This laser would be placed in the vicinity of the sun (either at the Earth-sun L1 Lagrange Point or in Cislunar orbit) and would be powered by massive solar panels. In order to decelerate, the spacecraft would jettison the light sail and deploy a magnetic sail consisting of metal wires. This sail would form a looped structure roughly 35 km (22 mi) in diameter and weighing 1000 kg (2200 lbs).
Once deployed, the magnetic sail would intercept plasma from the interstellar medium and solar wind from Alpha Centauri to decelerate and enter the system. This architecture, they conclude, would achieve a balance between mass and speed, allow the mission to reach Alpha Centauri in just over 100 years, and allow it conduct science operations upon arrival.
As they indicate in their study, this type of mission architecture offers many advantages, not the least of which is the fact that a larger spacecraft would be able to carry more in the way of instruments and gather more scientific data than a gram-scale spacecraft (as with Breakthrough Starshot's StarChip). As they concluded:
"Both [laser and magnetic sails] have the benefit that no propellant needs to be transported in the spacecraft… The mission is based on technologies that are currently available or under development, but would need extensive improvements to actually build the required space infrastructure… With a multi-spacecraft mission baseline, the laser system is used over a reasonable period of time. Lessons learned and data gathered from the first spacecraft could be used to enhance the following ones."
They also acknowledge the challenges that such a mission would entail, which include the need for kilometer-sized structures in space. Such structures would have to be built in orbit, which would require the development of orbital fabrication facilities first. And of course, the laser and other crucial systems will need further refinement and development. Nevertheless, the concept, according to their study, is feasible and technically sound.
Some, however, have their doubts. For instance, there is Dr. Claudius Gros, a theoretical physicist from the Institute for Theoretical Physics at Goethe University Frankfurt. Gros is a longstanding proponent of using laser sail technology for the sake of building an interstellar spacecraft, and has conducted theoretical work on the use of magnetic sails to slow such a spacecraft down.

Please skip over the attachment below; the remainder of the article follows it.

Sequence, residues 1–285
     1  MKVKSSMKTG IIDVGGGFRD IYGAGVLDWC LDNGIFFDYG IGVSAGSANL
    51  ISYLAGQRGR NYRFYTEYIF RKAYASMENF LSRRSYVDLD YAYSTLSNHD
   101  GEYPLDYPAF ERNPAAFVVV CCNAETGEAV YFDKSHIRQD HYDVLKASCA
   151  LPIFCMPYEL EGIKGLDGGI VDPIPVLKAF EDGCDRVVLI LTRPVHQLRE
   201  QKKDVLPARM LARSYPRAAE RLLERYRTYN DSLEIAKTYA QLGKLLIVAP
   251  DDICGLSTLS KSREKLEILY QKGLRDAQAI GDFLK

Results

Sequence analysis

He is also the founder of Project Genesis, a proposal to send laser sail-driven spacecraft equipped with gene factories or cryogenic pods to other star systems, where they would distribute microbial life to "transiently habitable exoplanets – i.e. planets capable of supporting life, but not likely to give rise to it on their own. As he expressed to Universe Today via email:
"Regarding the deceleration with a magnetic field, that is actually not possible within the parameters assumed. It would take a magnetic sail weighing several hundred tons to do the job when the craft cruises at 5 percent of the speed of light and when it has to come to a stop within 20 years, as assumed in the present paper. To accelerate such a heavy craft, much stronger launch systems would be required."
The concept of using lasers or solar sails to conduct interstellar missions has deep roots. However, it has only been within recent years that efforts to create such spacecraft have truly come together. At present, there are many concepts that offer different missions architectures, all of which have their share of challenges and advantages.
With multiple proposals now in development – which includes the proposal by Haefner and his colleague's, the ii4S's Dragonfly concept and Breakthrough Starshot – it will be very interesting to see which (if any) of the current lightsail concepts will attempt to make the journey to Alpha Centauri in the coming decades.
Will it be one that gets there within our lifetimes, or one that is capable of sending back more in the way of scientific data? Or could it be a combination of the two, a sort of short-term/long-term kind of deal? Hard to say. The point is, the dream of mounting an interstellar mission may not remain a dream for very much longer.